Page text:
Family Wealth Accumulation and Preservation Through Legacy Trust Planning
August 10, 2015
If you work hard and achieve financial success, there comes a time when you may wish to transfer, and further grow, the fruits of your labor to your grandchildren.
If your estate will be subject to an inheritance tax at death, there is great incentive to move as much wealth as far down the family tree as possible. Even if you are not currently subject to an inheritance tax, you still may desire to gift and grow cash to your grandchildren and for their children and grandchildren.
Transferring assets to grandkids needs some forethought and caution as such gifts can have unforeseen consequences. If you transfer too much in any year, the gift could be subject to a gift tax. Giving control of the gift to a grandchild upon receipt may not be desirable. A program for investing the gifted proceeds, and paying taxes that result from successful investing, has to be created and sustained.
Creating a Legacy Trust that purchases life insurance for the grandchildren can create gifts free of all taxes; flexible control over access to and distribution of funds; and tax-free investment growth that can be designed to last for generations to come.
Here is how to plan a Legacy Trust program. Create a family census from grandparents down through grandchildren to include gender, date of birth, and place of residence. With this information, design gifting scenarios: how much money per grandchild for how many years. In the U.S. today, one can gift (gift tax-free) up to $14,000 annually. So a plan designed with a census that included 4 grandparents and 2 parents could gift as much as $84,000 per gift recipient per year free of tax.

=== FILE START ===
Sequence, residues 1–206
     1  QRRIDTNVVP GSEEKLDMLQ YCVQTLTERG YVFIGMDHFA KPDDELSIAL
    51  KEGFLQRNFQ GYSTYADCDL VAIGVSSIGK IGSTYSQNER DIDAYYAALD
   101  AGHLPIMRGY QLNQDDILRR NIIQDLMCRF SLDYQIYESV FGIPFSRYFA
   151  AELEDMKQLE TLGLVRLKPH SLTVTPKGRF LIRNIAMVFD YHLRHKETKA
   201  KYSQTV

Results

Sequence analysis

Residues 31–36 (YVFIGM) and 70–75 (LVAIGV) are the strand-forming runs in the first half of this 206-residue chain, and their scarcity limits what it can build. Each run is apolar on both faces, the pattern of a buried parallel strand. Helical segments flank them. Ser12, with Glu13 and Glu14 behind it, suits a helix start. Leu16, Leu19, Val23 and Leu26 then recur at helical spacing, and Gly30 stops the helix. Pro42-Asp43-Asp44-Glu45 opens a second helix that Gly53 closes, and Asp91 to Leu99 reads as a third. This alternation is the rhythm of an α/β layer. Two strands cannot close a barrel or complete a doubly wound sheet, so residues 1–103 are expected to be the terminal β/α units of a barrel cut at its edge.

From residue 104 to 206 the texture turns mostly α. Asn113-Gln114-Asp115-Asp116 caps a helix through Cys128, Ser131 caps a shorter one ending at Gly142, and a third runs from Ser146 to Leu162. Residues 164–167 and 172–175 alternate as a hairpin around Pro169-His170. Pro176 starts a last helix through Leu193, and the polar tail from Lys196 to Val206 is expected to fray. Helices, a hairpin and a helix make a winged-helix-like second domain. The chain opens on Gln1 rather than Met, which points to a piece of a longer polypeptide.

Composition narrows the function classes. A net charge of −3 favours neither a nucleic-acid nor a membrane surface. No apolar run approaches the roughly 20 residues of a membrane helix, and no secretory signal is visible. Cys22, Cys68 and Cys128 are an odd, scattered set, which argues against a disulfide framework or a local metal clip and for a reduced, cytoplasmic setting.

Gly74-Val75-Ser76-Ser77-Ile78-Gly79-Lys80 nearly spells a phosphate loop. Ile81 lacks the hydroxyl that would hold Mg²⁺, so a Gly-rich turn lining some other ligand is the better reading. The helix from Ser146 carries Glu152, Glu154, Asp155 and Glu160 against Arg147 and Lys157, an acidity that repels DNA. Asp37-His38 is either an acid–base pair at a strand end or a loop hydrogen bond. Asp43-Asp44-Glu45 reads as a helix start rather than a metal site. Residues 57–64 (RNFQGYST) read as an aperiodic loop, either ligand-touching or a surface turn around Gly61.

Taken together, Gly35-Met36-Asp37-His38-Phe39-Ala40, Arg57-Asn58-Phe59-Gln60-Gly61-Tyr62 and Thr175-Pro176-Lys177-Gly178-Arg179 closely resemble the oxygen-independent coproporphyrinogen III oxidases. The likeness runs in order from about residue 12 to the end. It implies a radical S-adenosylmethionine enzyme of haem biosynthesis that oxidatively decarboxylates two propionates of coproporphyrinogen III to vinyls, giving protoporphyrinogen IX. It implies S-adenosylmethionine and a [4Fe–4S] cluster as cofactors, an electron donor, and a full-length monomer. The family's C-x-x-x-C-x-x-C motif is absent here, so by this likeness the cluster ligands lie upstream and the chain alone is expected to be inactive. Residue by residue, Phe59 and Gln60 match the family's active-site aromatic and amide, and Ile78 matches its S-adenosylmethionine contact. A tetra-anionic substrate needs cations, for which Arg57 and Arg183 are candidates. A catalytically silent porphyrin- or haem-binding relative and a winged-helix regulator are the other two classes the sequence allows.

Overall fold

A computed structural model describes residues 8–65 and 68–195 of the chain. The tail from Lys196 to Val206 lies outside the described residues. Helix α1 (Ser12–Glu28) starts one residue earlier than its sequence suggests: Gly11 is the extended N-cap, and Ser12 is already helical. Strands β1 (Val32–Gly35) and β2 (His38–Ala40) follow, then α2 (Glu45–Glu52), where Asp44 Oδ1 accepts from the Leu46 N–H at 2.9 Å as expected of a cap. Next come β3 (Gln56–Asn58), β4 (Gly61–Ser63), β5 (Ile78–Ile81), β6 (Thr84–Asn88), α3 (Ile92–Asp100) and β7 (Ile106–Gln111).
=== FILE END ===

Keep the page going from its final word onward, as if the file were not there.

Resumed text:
The next step is to begin the life insurance underwriting process. One of the reasons life insurance is so perfectly suited for the Legacy Trust concept is that all investment growth can be free of all taxes. Many times, the tax savings is offset to some degree by the internal cost of the death benefit. With young, healthy insureds, the cost of the death benefit is miniscule, greatly multiplying the tax advantages. Young, healthy insureds also have very simple medical underwriting. The challenge in issuing a relatively large amount of insurance on a very young person is financial underwriting. This is when it is important to work with an agent who has thorough knowledge and experience in this narrow area of expertise. Likewise, if the grandchildren live outside of the U.S., it is imperative that the agent knows how to successfully underwrite for foreign residency.
Once the underwriting course has been charted, the Trust itself must be designed and created. Since the Trust will probably be irrevocable, it is important to give forethought on the trust provisions such as who gets distribution and when. The types of life insurance that the Trust will buy with the money gifted to it must also be determined.
Below is a synopsis “How To” Guide For Legacy Trust Planning. Used effectively, the Legacy Trust concept can preserve and grow wealth in a family for generations to come.